• Jim Johnson

    It’s possible that’s what he did. That was the excuse he made last time, anyway; that he hired people he didn’t know he couldn’t trust.

  • Jim Johnson

    Being an educator is a craft. Just because you are not a good photographer does not mean that you cannot teach others to be good.

    Otherwise, the teacher of every great photographer would be considered as talented as his student.

    The problem is, they are proving to not be very good teachers either because they keep getting caught stealing other people’s stuff.

  • ninpou_kobanashi

    What’s that old saying? Those who can, do? Those who can’t, teach? (^_^). JK, I want to teach in my next career…

  • James N

    such scandal for this? check all website workshops and all will use 50% or more same words, “experience of xx years,” clients satisfacion, recognition, etc, etc.
    not big deal for me

  • Justin Case

    I hear Tony Robbins is looking for a ghostwriter…

  • Justin Case

    Plagiarism is not a criminal offense. It is not even technically illegal. But that doesn’t mean any of us think it’s okay.
    The internet is a wonderful place. You are most welcome to present your own evidence to the contrary, but since you haven’t really done your homework, I will trust in other sources.

  • Justin Case

    PS: Doug Gordon has a huge web presence and is more than welcome to offer his side of the story. So far, his silence speaks volumes.

  • Beaugrand_RTMC

    Can’t fix stupid. Apparently, can’t fix greedy, either.

  • stefanbankston

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    time off a home pc. look at here

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  • Joshua Boldt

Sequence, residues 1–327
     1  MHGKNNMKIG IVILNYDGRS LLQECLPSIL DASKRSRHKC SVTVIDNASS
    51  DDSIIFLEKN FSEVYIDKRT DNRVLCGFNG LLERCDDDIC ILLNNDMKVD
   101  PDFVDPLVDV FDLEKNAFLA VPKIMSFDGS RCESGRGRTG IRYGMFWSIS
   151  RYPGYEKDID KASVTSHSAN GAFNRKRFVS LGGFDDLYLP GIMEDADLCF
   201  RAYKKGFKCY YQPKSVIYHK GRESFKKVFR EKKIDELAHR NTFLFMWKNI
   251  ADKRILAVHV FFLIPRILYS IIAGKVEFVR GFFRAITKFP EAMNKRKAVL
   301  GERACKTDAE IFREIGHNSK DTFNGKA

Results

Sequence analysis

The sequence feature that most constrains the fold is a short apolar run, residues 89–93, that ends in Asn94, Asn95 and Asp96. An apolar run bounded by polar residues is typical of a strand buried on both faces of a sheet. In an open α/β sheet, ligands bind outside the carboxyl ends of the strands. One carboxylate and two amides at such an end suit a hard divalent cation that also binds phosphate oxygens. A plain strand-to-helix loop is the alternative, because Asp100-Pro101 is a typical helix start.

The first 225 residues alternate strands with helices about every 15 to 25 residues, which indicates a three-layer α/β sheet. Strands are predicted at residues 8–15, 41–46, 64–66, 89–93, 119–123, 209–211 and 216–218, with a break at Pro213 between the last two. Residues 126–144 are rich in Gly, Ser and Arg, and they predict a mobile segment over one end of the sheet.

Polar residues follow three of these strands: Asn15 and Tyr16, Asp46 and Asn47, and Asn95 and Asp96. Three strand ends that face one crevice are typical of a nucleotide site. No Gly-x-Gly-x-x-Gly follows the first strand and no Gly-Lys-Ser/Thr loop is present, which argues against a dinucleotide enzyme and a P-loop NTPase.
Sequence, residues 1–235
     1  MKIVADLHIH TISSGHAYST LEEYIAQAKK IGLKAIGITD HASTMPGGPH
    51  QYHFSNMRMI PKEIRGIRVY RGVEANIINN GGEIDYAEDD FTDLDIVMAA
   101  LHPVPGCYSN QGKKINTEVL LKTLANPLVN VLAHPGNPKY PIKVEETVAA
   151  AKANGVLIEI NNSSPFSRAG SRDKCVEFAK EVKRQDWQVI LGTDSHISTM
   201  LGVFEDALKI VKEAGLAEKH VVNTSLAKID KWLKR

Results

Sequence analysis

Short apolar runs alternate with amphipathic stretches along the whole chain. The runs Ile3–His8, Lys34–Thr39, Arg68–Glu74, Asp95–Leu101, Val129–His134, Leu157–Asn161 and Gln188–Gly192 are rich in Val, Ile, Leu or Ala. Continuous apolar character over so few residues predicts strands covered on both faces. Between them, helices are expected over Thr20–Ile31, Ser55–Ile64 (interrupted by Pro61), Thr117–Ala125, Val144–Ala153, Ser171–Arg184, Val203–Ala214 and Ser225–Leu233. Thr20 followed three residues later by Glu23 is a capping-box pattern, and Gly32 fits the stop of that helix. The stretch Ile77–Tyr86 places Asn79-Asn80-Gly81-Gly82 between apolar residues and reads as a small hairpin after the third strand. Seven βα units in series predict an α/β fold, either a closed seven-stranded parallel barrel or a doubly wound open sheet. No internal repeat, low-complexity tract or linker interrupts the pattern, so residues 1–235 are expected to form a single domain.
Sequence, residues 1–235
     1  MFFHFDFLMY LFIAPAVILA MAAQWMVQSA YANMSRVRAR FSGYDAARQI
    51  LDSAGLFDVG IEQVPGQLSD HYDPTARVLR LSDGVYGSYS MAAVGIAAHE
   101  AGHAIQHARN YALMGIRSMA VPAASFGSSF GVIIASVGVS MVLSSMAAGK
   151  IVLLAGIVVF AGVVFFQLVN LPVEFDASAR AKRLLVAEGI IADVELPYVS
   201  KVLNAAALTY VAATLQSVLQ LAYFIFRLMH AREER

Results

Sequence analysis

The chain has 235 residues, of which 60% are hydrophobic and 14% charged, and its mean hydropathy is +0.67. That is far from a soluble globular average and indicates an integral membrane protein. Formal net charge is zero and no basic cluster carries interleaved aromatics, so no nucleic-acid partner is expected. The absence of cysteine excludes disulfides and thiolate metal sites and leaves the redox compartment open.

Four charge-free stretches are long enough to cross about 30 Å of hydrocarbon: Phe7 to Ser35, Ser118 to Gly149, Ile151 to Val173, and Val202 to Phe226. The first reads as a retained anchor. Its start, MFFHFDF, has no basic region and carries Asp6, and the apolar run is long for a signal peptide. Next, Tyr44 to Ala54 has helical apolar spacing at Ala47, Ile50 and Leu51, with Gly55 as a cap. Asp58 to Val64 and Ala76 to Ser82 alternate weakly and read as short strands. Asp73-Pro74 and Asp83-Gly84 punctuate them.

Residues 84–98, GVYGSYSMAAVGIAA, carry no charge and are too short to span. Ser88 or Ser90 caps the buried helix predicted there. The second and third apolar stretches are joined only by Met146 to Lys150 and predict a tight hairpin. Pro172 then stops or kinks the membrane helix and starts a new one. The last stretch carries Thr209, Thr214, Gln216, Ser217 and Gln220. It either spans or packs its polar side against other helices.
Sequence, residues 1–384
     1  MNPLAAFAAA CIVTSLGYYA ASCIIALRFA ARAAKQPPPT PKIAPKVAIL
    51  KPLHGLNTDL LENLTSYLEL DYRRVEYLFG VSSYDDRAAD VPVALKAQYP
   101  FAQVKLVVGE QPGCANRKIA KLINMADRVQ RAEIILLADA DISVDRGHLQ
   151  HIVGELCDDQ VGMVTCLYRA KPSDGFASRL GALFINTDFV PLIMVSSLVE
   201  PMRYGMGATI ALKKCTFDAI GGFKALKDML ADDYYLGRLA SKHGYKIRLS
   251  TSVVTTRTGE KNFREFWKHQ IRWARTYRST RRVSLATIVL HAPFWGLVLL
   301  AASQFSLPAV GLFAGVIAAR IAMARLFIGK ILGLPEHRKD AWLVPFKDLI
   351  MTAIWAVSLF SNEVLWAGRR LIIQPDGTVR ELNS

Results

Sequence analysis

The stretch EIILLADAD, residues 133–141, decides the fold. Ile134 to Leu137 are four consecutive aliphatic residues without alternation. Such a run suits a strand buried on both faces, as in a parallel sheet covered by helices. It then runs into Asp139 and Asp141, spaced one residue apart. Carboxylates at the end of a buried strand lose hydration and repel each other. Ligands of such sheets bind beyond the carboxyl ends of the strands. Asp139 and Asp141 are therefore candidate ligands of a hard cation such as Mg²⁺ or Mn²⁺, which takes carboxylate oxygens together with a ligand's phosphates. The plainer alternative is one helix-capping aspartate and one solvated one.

Fraud is illegal. Violating copyright is illegal. Violating a law like SOPA or PIPA is illegal. Violating trademark is illegal. Creating unfair competition by misleading a client or employer with plagiarized material is illegal. These are all forms of plagiarism. They are just called something different in legal terms. The people who Doug Gordon allegedly steals from have legal rights to their work which makes his plagiarism illegal.

    In the context of a school, plagiarizing is a little different. Plagiarizing a paper when you are in school is not illegal in terms of State or Federal laws, but is illegal by the rules of the school (technically a copyright holder could come after you if you submitted a school paper to a contest and won something, so even in school context it can violate laws). When students sue schools for punishing them for plagiarism they never win, meaning the courts uphold it as breaking the law of the school (which, in legalese, implies it is illegal in terms of civil cases also).

  • flightofbooks

    Why on earth would anyone plagiarize their ‘about me’ section. This is just bizarre.

  • Justin Case

    laziness. why use your own work when someone else has already done it better. Plus, nobody really reads those things right?

    (yes, that last part was meant to be sarcastic)

  • Doug Stroud

    The very odd thing about this is, (besides all the wrong-doings) that the bio doesn’t even really make sense for a photographer- it sounds cold, impersonal and robotic. For S.I.R. a marketing firm it totally works… But this is not only the world we live in, we created it and we allow it. Good on Photostealers for taking an ethical stand.

  • flightofbooks

    It’s like a minute’s worth of work. copy-pasting it and changing the particulars to be about him takes just about as the same effort. to

    the only way I can figure is that he’s borderline illiterate, and composing a few sentences is beyond his capabilities.

  • Courtney Navey

    no they both still suck at being honest and while they have some photography skill, it’s mostly smoke and mirrors.

  • http://www.jorgevieiraphotography.com Jorge Vieira

    The first time I ever saw this guy I knew i didn’t like him for some odd reason. Guess my gut felling was right.